PHARMACY

FDA accepts regulatory filing for Prochieve

BY Alaric DeArment

LIVINGSTON, N.J. — The Food and Drug Administration has accepted a regulatory approval application for a drug designed to prevent premature birth in pregnant women.

Columbia Labs and Watson Pharmaceuticals announced Monday that the FDA would review their application for Prochieve (progesterone gel) for the reduction of risk of preterm birth in women with short uterine cervical length in the third trimester of pregnancy.

“We are pleased to achieve this important regulatory milestone and look forward to working with the FDA as they review the data package for the Prochieve new drug application,” Columbia president and CEO Frank Condella said.

Under a collaborative agreement between Watson and Columbia, Watson will make a $5 million milestone payment to Columbia.

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Adding Byetta to diabetes regimen could cut heart failure risk

BY Alaric DeArment

SAN DIEGO — Use of a drug for Type 2 diabetes made by Eli Lilly and Amylin Pharmaceuticals may lower patients’ risk of heart failure, according to a new study.

The study of more than 778,000 patients taking the injected drug Byetta (exenatide) found that adding the drug to a pre-existing diabetes regimen, especially if that regimen included insulin, was associated with reduced likelihood of heart failure. Results were presented Saturday at the 71st Scientific Sessions of the American Diabetes Association in San Diego.

The companies also are conducting another study for Bydureon, a long-acting formulation of Byetta. The study, called “EXSCEL,” began last year and will include about 9,500 patients with results expected as early as 2016. The study is designed to determine if Bydureon has favorable cardiovascular effects compared with traditional diabetes medications.

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With law ban, marketing system for Rxs is safe… for now

BY Alaric DeArment

WHAT IT MEANS AND WHY IT’S IMPORTANT — The law targeting data mining in Vermont, along with laws in New Hampshire and Maine, would have forced drug companies to significantly change the way they market drugs to physicians had the Supreme Court allowed them to stand in the case of Sorrell, Attorney General of Vermont, et al. vs. IMS Health Inc., et al.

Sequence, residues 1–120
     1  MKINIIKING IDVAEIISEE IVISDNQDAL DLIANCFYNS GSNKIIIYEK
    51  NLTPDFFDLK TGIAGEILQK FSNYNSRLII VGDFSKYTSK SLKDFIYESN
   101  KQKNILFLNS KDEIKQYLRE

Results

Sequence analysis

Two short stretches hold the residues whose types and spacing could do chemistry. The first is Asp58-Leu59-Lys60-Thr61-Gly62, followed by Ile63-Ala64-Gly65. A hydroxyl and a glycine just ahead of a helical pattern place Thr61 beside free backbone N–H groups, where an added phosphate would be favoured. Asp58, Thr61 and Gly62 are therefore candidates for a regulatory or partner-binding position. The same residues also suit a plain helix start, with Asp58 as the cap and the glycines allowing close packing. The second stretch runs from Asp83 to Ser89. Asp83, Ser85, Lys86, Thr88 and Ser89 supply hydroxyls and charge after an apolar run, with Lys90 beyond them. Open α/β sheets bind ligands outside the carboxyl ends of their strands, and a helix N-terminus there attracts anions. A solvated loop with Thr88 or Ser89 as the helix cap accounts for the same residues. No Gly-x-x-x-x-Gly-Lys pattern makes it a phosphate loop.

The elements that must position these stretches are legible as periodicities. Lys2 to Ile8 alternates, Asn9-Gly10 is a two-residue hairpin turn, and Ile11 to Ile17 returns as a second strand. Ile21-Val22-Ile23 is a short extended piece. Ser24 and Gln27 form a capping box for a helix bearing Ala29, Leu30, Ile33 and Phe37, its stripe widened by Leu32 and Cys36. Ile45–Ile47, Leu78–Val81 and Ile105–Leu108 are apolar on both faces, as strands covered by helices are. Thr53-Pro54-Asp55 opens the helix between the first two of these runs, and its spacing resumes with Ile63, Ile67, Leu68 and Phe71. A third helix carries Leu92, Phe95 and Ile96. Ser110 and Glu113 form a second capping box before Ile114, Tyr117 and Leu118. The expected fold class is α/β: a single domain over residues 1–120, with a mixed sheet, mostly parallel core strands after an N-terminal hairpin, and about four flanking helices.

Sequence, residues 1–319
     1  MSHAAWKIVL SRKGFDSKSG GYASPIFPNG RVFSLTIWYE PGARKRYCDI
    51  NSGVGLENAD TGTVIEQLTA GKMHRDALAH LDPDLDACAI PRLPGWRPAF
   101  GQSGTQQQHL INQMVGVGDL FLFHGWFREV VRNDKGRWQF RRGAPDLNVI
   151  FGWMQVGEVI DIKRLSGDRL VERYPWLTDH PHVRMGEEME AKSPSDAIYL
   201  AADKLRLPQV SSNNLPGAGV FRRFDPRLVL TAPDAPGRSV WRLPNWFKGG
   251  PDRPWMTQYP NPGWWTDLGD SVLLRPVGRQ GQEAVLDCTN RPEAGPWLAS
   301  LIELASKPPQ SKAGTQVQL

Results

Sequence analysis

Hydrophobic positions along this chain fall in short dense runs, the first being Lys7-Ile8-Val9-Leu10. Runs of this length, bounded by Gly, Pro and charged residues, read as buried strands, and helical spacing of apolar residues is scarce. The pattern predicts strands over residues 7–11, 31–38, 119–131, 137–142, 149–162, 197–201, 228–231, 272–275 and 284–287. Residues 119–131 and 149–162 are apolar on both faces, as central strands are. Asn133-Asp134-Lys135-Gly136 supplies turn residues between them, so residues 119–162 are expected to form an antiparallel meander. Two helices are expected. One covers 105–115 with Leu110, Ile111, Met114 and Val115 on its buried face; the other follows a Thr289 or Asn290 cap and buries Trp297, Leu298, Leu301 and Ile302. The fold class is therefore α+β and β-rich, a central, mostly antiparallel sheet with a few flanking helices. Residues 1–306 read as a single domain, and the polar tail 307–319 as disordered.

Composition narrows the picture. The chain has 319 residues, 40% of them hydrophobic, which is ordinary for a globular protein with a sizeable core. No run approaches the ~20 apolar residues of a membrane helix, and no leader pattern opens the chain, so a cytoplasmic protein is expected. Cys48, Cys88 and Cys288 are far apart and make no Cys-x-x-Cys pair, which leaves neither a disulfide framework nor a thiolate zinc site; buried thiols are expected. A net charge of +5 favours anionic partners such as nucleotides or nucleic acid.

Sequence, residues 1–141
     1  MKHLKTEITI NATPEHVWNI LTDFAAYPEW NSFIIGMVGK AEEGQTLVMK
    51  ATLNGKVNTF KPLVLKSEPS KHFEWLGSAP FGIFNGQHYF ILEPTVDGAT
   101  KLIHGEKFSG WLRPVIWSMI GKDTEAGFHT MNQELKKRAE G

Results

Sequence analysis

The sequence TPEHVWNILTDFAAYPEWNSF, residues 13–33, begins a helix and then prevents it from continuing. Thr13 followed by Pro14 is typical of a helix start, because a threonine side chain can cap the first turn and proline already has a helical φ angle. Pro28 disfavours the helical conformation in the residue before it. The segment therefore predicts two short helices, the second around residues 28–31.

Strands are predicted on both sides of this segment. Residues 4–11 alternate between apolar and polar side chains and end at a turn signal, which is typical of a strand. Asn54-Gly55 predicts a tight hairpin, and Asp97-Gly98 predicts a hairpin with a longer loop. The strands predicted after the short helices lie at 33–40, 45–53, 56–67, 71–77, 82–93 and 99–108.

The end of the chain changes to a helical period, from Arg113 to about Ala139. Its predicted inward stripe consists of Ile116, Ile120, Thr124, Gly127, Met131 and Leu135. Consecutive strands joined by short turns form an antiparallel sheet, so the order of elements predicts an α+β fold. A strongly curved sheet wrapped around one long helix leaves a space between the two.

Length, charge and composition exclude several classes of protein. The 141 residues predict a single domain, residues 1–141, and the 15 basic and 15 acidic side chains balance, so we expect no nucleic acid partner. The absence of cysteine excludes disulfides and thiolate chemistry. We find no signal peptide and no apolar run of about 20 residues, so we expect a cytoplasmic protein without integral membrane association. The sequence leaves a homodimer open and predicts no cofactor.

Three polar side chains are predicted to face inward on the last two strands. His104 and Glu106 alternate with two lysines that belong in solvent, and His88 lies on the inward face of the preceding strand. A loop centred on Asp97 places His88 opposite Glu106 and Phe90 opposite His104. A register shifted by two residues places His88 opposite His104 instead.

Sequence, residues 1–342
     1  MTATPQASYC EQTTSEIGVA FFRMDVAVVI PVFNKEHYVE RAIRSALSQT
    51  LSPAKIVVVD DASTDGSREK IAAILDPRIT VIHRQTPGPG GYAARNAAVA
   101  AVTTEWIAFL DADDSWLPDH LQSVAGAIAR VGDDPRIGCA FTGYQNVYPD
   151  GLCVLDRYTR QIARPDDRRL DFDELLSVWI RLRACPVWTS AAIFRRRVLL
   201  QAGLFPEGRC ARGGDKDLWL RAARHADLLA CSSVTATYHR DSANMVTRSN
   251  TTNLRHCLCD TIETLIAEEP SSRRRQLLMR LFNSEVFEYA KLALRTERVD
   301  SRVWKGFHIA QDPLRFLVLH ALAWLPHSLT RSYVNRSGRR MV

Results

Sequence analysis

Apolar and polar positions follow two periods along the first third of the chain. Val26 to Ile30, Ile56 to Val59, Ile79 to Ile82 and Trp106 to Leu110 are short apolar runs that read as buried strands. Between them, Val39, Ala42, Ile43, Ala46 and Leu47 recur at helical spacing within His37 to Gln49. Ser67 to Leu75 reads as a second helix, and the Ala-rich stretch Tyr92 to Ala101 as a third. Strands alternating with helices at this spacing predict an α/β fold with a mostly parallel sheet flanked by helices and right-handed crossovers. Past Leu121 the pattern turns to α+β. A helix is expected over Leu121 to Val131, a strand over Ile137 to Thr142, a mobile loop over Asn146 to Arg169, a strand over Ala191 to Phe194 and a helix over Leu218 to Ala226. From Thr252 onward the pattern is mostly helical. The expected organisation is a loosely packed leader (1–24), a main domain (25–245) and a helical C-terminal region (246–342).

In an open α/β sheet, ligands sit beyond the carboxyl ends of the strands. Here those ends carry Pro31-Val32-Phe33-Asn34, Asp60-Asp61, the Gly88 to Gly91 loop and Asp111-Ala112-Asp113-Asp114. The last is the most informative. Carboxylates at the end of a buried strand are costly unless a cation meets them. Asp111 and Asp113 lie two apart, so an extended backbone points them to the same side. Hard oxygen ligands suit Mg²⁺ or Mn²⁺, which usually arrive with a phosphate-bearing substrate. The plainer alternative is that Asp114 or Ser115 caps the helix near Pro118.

(THE NEWS: Supreme Court strikes down Rx data mining law. For the full story, click here.)

When pharmacies fill prescriptions, they sell the data to such data mining companies as IMS Health, replacing patients’ identities with numbers but including their ages and genders, while retaining the prescribers’ names. The data mining companies then sell those data to drug companies, for which the data are critical to their marketing efforts because they allow the companies to determine such things as the demographics of various disease states, thus making it easier for them to tailor their sales pitches to physicians. IMS also provides a handy source of data for the charts illustrating sales and dispensing of drugs that frequently adorn the pages of Drug Store News.

But data mining has become controversial lately. In January, the Los Angeles Times ran an editorial attacking the practice, asserting that it violated patient privacy and expressing fears that it would allow drug companies to track individual patients. The controversy has led to efforts to enact laws that regulate it, requiring doctors’ consent before pharmacies can release prescribing data to data mining companies.

The Vermont law was well-intentioned in many ways: It was designed to encourage more prescribing of generic drugs by limiting the amount of data that branded drug companies can obtain, thus leveling the playing field. It’s well-known that generic drugs are cheaper for patients and can lower the cost of health care, but the Supreme Court decided that the law violated the free speech of drug companies and such data mining firms as IMS. As such, a critical component of the marketing system for prescription drugs appears safe, at least for now.

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